2010 was a come-back for the GOP, erasing the Democrats’ wins over the previous four years, and a massive rebuke to the Obama tax and spend, regulate and frustrate juggernaut. What happened in 2012? Republicans had not properly integrated the purposeful passion of the Tea Party with the savvy pragmatism of Washington experts. A disparate disdain created out-of-mainstream candidates who said too much, did too little, had no ground game. The mixed results remind one of the popular high school class presidential candidate who has a lot of passion, but a string of C’s and D’s on his report card.
2010, and Washington Post Columnist George Will commented that the lone house Rep (and Republican) of Delaware, Mike Castle, a direct descendant Biden, then held in transition by candleholder Ed Kaufman, who had no interest in keeping the seat.
2010, the Senate seat was all but assured for Mike Castle, Delaware’s former Lieutenant Governor, then Governor, then at-large House Rep for eighteen years.
Was he the conservatives’ favorite? No. Was he a hit with every radio personality? Who cares? He represented the First State with first rate pride and purpose. He voted against ObamaCare, he voted against the stimulus. He also voted for Cap and Trade. So what? The Democratic supermajority in the US Senate killed Waxman-Markey Cap and Trade before it left committee.
Then came Christine O’Donnell to challenge Castle. Something about that woman rubbed Republicans the wrong way, and bothered a lot of Delaware voters, too. Grassroots, Middle Class, and even elite Republicans, including Tea Party activists, were spot on with their uproar about spending gone berserk in the Beltway. Their frustration with Washington was both candid as well as credible, yet the same movement began endorsing incredible candidates while disdaining the established contenders merely because they were Establishment types. Sharron Angle of Nevada had the ground, but not the ground game. Sarah Palin’s personal problems interrupted former attorney Joe Miller’s upswing in Alaska, where Establishment GOP Lisa Mur-Kow-Ski’s write-in initiative trumped the Tea Partier and the Democrat. South Carolina US Senator Jim DeMint made some bold and wise endorsements, but they were hit and miss in Delaware, where his last-minute endorsement stole the election from right-for-Delaware Castle. Instead, DeMint was hoping to build a castle in the air with “Mamma Grizzly” Christine O’Donnell, who was grizzled with problems.
Was Christine O’Donnell too conservative for Delaware? Yes, but that is not the real problem. She was not consistent, she was not competent, and she was not connected.
How can anyone claim consistent conservative credibility when they launch a gender discrimination lawsuit against a conservative think-tank? True conservatism respects the fundamentals of the national charter and individual liberty, not telling people what to do, in public or in private, because of religious affiliations. A true conservative does not mismanage campaign funds, only to endure an indictment from the federal government.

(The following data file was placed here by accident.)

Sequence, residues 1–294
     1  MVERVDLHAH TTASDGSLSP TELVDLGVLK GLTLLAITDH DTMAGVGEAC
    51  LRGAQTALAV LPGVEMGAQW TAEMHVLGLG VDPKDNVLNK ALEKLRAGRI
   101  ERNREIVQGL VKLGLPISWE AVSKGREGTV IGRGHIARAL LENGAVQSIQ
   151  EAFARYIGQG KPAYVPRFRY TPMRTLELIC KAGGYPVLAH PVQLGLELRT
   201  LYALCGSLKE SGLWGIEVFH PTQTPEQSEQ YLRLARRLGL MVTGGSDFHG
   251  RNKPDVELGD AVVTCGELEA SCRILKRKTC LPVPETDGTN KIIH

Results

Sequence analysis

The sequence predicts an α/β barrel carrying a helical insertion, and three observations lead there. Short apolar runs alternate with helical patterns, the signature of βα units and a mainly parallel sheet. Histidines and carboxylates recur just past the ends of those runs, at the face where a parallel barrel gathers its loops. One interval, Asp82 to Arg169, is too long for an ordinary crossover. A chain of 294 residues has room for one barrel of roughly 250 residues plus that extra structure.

Was it her frequent gaffe-prone, daffy appearances on Bill Maher’s “Politically Incorrect”, in which she claimed that she dabbled in witchcraft, or that she would still tell the truth about family members hiding from the Nazis if she had lived during the Holocaust? Was it her gross insistence on lecturing young people how to treat their bodies in private? When it comes to “competence”, O’Donnell does not come to mind.
Was it New York native O’Donnell’s loose interpretation of her previous “campaign accomplishments”, when she claimed that she had won two out of three counties in Delaware? No matter how anyone spun the numbers, O’Donnell had a track record of running losing races: unconnected.
Mike Castle deserved, no deserves, to be Delaware’s Senator. He is competent, consistent, and connected. Tea Party Republicans have been lacking the connected part for the past two cycles. It’s not enough to be fired up, but other people have to be fired up with you. It’s not enough to feel oppressed by a repressive government; other people have to see the oppression that you feel. Castle understood this, and so did the voters in the First State, who just named a bike trail in his honor.
2010 was great: The Chicago Stock Exchange spokesman yelled on the floor, demanding that it was high-time for a “Tea Party”. The Tea Party movement stormed the National Mall. Sarah Palin decried ObamaCare’s Death Panels. 2014 can be a greater, without the GOP infighting between the raging populists and sage establishment. Mike Castle represents this pathway for Tea Party populists and Establishment pragmatists to work together and cut the spending, lower taxes, and decentralize federal power back to the states.
With all due respect, the only “RINO” in Delaware 2010 was O’Donnell, not Castle. Her “ideological” perfection was the enemy of Castle’s pragmatic “good enough”. Castle was good enough in 2010. He would be good enough in 2014. The Delaware GOP catch a break, catch a win, and help the GOP catch fire with a new Fifty-State Strategy with Castle in 2014. As for O’Donnell, let her run for dogcatcher.